Microsoft loosens its grip on Linux and open source software by making remaining exFAT patents available
Microsoft has a long history of intellectual property aggression, seeking revenue from its patents that are often used across the open source world. The patents surrounding Microsoft's File Allocation Table (FAT) and Extended File Allocation Table (exFAT) file systems caused noticeable tension with the open source Linux community, which has not included the file system technology in its kernel due to patent concerns. Now Microsoft is now making its remaining FAT patents regarding its exFAT specifications available to Linux and members of the Open Invention Network (OIN).
FAT and exFAT are the file system for hundreds of millions of storage devices. Originating with floppy disks, the file system eventually evolved with MS-DOS, Windows, USB devices, and SD cards. Given its ubiquity, according to Microsoft, “it's important to us that the Linux community can make use of exFAT included in the Linux kernel with confidence. To this end, we will be making Microsoft's technical specification for exFAT publicly available to facilitate the development of conformant, interoperable implementations.”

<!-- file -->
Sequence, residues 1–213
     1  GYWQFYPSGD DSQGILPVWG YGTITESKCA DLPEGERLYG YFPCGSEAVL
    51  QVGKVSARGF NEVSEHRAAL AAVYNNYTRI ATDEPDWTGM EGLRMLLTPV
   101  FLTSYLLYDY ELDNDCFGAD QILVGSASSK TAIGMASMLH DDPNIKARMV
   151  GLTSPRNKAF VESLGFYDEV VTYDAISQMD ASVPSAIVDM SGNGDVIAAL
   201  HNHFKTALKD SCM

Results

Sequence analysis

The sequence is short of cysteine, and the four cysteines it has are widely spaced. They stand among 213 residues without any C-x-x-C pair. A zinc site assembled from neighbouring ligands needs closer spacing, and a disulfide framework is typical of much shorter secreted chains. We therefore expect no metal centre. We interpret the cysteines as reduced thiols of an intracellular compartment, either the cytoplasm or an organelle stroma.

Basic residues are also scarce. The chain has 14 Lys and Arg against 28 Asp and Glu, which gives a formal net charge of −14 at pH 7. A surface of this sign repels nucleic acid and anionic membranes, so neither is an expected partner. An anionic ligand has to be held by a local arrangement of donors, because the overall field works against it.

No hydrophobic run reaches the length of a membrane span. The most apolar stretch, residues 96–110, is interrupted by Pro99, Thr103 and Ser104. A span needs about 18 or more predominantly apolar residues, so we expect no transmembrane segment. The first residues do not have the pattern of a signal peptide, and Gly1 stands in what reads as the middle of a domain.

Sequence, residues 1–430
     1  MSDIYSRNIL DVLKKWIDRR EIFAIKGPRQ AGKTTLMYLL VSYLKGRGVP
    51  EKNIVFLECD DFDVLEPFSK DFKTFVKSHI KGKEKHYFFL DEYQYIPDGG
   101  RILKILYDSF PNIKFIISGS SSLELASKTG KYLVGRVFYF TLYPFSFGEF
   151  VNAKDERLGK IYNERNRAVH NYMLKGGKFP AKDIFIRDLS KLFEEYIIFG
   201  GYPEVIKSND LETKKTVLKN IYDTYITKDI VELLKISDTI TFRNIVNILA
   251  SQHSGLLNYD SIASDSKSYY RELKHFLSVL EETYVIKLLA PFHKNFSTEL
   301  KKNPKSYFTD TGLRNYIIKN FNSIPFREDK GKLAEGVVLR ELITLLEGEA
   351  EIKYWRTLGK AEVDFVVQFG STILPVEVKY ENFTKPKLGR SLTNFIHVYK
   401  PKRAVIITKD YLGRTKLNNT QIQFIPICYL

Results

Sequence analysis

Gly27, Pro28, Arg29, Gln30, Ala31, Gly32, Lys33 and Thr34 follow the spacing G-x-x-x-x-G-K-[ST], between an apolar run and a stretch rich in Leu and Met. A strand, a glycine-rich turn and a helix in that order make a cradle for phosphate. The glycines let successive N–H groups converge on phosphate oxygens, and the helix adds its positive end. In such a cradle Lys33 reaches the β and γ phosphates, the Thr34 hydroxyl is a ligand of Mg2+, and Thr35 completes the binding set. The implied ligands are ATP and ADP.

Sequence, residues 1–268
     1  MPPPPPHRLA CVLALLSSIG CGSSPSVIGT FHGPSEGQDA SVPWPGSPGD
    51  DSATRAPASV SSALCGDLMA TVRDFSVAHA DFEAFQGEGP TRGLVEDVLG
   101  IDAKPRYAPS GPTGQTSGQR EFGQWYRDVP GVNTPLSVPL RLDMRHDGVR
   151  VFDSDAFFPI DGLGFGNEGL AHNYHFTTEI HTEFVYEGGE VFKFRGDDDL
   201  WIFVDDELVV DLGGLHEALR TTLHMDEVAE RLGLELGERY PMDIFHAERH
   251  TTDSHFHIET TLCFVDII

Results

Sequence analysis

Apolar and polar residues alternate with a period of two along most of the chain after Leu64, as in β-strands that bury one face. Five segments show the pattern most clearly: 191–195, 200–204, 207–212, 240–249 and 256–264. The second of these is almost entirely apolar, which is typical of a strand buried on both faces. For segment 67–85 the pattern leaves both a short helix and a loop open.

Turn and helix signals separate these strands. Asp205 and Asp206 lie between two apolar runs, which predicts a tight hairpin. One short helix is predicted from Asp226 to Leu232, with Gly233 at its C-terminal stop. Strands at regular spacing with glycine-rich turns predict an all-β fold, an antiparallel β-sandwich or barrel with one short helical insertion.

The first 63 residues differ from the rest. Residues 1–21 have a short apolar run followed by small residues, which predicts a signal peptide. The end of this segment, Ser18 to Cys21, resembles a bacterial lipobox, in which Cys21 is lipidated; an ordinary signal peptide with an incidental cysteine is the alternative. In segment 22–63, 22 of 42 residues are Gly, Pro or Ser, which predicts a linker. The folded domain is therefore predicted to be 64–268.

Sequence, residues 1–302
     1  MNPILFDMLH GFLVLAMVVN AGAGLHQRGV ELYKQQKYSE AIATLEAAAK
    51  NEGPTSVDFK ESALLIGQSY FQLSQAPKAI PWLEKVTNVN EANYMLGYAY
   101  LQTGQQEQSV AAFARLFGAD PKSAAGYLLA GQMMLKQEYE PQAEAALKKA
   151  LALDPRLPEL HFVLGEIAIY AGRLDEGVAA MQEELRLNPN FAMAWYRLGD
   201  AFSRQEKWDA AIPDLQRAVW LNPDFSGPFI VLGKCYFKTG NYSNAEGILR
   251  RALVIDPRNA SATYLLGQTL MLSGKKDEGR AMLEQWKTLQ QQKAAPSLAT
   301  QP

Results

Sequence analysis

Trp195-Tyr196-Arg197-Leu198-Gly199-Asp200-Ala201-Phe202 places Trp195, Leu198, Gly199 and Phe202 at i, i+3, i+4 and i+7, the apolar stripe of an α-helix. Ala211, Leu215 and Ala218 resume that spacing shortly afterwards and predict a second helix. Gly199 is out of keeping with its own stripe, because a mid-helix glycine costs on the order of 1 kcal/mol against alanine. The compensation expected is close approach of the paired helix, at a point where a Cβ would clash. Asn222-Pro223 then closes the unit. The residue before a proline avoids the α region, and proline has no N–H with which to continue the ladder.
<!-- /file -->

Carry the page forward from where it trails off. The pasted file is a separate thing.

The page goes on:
The Open Invention Network is the largest patent non-aggression community in the world, with members agreeing to share patents with each other without needing to pay royalties. Microsoft joined the OIN in 2018, adding 60,000 of its patents to the royalty-free portfolio.
Microsoft is in the midst of an open source renaissance, removing its patent levers in favor of the developer community. Linux, in particular, offers Microsoft an increasingly lucrative opportunity to capture developer mindshare, bolster its developer-friendly reputation, and thwart competitors. To that end, Microsoft has not only accepted Linux, it is actively encouraging its success; in a world where the cloud (including Microsoft Azure) is dominated by Linux servers, aligning with the Linux community is a chance to intertwine the success of the Microsoft ecosystem with that of Linux.
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